Experience. Dedication. Results.

Photo of Professionals at Law Office of Williams & Associates, P.C.

Americans Living Abroad Get Caught By the U.S. Tax Code

On Behalf of | May 17, 2012 | IRS |

It is no secret that the world is increasingly becoming a smaller place, especially when measured by the Internal Revenue Service’s (IRS) long reach. An article in the New York Times discusses how Americans living abroad are coming under pressure to declare foreign holdings and catch up on back tax filings. Many of these Americans have tenuous ties to the U.S. and the benefits conferred by U.S. citizenship.

The targets in the IRS’s sights might be called “accidental” Americans. Often these people were born during their foreign parents’ brief stay on U.S. soil, or born abroad to American parents who long ago settled elsewhere.

After lifetimes abroad, these “accidental” Americans believed that because exemptions left them owing no U.S. income tax they had no obligation to file returns. The IRS’s reporting requirements, however, have tripped up many in this group because even though they owe no U.S. tax, they must still declare their foreign bank and financial accounts.

The article provides a glimpse of the type unwitting citizen caught up in the IRS’s dragnet:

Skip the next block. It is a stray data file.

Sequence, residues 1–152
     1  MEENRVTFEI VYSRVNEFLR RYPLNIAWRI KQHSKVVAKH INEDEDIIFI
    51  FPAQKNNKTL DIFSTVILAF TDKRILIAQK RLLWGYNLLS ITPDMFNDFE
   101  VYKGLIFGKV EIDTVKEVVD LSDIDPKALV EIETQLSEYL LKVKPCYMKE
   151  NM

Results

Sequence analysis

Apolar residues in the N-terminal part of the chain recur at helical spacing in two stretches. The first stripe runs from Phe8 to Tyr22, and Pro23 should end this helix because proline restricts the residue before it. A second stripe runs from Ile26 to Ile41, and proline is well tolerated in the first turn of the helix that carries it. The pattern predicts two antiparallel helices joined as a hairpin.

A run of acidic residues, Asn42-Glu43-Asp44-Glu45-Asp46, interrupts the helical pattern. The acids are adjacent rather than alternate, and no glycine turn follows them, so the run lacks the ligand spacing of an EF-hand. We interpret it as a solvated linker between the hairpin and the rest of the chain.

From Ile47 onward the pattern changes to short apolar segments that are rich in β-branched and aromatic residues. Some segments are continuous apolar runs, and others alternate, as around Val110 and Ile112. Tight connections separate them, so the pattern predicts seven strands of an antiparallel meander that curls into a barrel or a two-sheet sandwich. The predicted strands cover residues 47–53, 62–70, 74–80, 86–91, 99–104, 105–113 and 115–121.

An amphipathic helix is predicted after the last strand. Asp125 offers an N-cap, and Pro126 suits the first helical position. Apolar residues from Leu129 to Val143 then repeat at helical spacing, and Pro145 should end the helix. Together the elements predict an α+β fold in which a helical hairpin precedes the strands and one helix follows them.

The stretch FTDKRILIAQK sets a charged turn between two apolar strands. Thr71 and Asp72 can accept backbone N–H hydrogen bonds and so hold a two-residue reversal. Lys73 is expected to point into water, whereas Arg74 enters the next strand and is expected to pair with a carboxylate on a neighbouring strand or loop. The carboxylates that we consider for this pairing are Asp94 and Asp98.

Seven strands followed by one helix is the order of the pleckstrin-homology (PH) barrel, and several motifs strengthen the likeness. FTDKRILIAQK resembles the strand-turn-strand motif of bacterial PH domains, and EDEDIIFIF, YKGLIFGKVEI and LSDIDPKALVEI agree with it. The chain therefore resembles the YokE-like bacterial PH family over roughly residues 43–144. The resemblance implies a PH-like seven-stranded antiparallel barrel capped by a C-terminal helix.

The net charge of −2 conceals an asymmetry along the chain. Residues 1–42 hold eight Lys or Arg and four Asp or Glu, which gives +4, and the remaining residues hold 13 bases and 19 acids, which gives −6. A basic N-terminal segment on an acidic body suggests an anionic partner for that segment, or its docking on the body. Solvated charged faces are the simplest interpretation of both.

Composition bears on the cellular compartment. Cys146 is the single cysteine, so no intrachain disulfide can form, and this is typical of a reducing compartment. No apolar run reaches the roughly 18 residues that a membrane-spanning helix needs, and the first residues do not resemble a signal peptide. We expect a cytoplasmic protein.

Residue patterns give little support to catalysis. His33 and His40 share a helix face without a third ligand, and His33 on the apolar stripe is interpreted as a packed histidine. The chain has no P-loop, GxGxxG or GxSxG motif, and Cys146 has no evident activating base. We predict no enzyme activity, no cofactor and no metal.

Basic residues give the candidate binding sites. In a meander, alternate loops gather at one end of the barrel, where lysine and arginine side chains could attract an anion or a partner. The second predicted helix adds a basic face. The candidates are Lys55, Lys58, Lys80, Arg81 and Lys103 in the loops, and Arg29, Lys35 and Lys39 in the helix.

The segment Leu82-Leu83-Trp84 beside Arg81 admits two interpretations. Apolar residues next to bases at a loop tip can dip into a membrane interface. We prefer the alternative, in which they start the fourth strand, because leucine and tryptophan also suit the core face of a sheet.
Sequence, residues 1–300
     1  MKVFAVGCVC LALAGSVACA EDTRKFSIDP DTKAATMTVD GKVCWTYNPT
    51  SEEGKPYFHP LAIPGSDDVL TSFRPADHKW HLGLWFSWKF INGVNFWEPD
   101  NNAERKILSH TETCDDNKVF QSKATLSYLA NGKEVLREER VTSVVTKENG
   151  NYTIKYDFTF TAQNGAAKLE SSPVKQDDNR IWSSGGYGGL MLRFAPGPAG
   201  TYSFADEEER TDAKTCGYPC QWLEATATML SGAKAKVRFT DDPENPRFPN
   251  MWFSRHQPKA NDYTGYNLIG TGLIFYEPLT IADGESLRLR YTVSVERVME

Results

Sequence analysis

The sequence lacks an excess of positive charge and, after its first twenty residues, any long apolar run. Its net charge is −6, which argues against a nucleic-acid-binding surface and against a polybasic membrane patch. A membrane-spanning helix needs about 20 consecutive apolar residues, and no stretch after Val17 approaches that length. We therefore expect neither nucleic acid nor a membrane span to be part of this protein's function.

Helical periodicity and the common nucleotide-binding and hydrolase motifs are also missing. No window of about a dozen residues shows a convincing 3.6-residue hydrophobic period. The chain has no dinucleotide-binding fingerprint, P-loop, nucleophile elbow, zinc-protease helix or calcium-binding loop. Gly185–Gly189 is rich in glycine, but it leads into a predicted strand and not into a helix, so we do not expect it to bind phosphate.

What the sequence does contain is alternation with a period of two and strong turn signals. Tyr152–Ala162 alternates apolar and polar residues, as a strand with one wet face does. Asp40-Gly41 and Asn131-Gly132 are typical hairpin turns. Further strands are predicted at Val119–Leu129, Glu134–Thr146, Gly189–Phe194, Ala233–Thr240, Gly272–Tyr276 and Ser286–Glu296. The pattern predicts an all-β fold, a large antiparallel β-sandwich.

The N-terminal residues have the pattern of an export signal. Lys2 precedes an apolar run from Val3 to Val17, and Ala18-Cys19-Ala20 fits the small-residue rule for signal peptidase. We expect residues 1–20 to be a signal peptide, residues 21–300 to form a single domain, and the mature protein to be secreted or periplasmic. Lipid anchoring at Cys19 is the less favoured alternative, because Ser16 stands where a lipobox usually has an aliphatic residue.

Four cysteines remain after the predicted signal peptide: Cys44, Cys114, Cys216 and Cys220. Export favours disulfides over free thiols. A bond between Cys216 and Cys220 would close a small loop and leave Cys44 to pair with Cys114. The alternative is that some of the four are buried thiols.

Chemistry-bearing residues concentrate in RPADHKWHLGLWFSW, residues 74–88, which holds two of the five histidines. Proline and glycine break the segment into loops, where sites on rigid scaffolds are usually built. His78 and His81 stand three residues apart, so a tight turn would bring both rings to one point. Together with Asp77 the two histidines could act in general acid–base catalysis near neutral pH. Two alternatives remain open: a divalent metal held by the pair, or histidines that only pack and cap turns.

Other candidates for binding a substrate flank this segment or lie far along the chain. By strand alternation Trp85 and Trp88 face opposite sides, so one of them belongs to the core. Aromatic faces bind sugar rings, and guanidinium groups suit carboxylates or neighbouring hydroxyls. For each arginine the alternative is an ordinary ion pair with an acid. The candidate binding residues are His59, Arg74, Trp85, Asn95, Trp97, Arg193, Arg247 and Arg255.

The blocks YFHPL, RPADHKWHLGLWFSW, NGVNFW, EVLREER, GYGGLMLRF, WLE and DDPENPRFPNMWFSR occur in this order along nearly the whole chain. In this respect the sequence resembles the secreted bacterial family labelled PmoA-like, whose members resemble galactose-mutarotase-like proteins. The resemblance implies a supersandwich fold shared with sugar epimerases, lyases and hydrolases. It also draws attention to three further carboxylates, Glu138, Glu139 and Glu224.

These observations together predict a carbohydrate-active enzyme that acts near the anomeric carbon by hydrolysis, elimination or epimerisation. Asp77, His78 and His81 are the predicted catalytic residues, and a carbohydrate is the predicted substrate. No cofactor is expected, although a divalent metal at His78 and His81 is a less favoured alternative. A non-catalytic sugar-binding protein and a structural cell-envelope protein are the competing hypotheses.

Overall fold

Roy, 37, a lifelong Canadian resident and citizen whose dual-national mother fears the U.S. tax authorities will target the modest savings account the Canadian government provides him as a developmentally disabled adult;

Jonathan, 34, a teacher whose American parents migrated to Canada 39 years ago. He considers himself 100 percent Canadian – a maple leaf is tattooed on his back – and believed until last year that he did not need to file a U.S. return. Tax advisers now tell him he must file eight years’ returns, at a cost in fees and fines in the thousands, lest an eventual U.S. inheritance be jeopardized;

The teenage children of Peter Hallworth, a Briton married to a Swede living in Malmo, Sweden; the children were born in the United States but lived there only as infants. Mr. Hallworth, having heard horror stories, now expects to urge his children, when they reach adulthood, to renounce the U.S. citizenship that up to now he had treasured.

Roy’s mother, from the story above, and her husband immigrated to Calgary Canada from the U.S. in 1969. They became Canadian citizens in 1975, believing that by doing so they would relinquish their U.S. citizenship.

When she learned she and her son were still subject to U.S. taxes, she said: “I was just astounded, angry. It’s not the tax. I just really, really, really, really resent being painted – all of us who’ve chosen to live in whatever country – as tax-evaders, you know?”

Because she has signature authority over her son’s account, she is taxable by the United States for all grants and bond contributions that the Canadian government has contributed to her son’s savings plan, she said.

On top of that, the U.S. Consulate in Calgary told her she could not renounce his citizenship because, it said, he lacked “the legal capacity to form the specific intent necessary to lose U.S. nationality.” Roy, his mother said, “does not understand the concept of citizenship.”

To read the New York Times article in its entirety click here.


FindLaw Network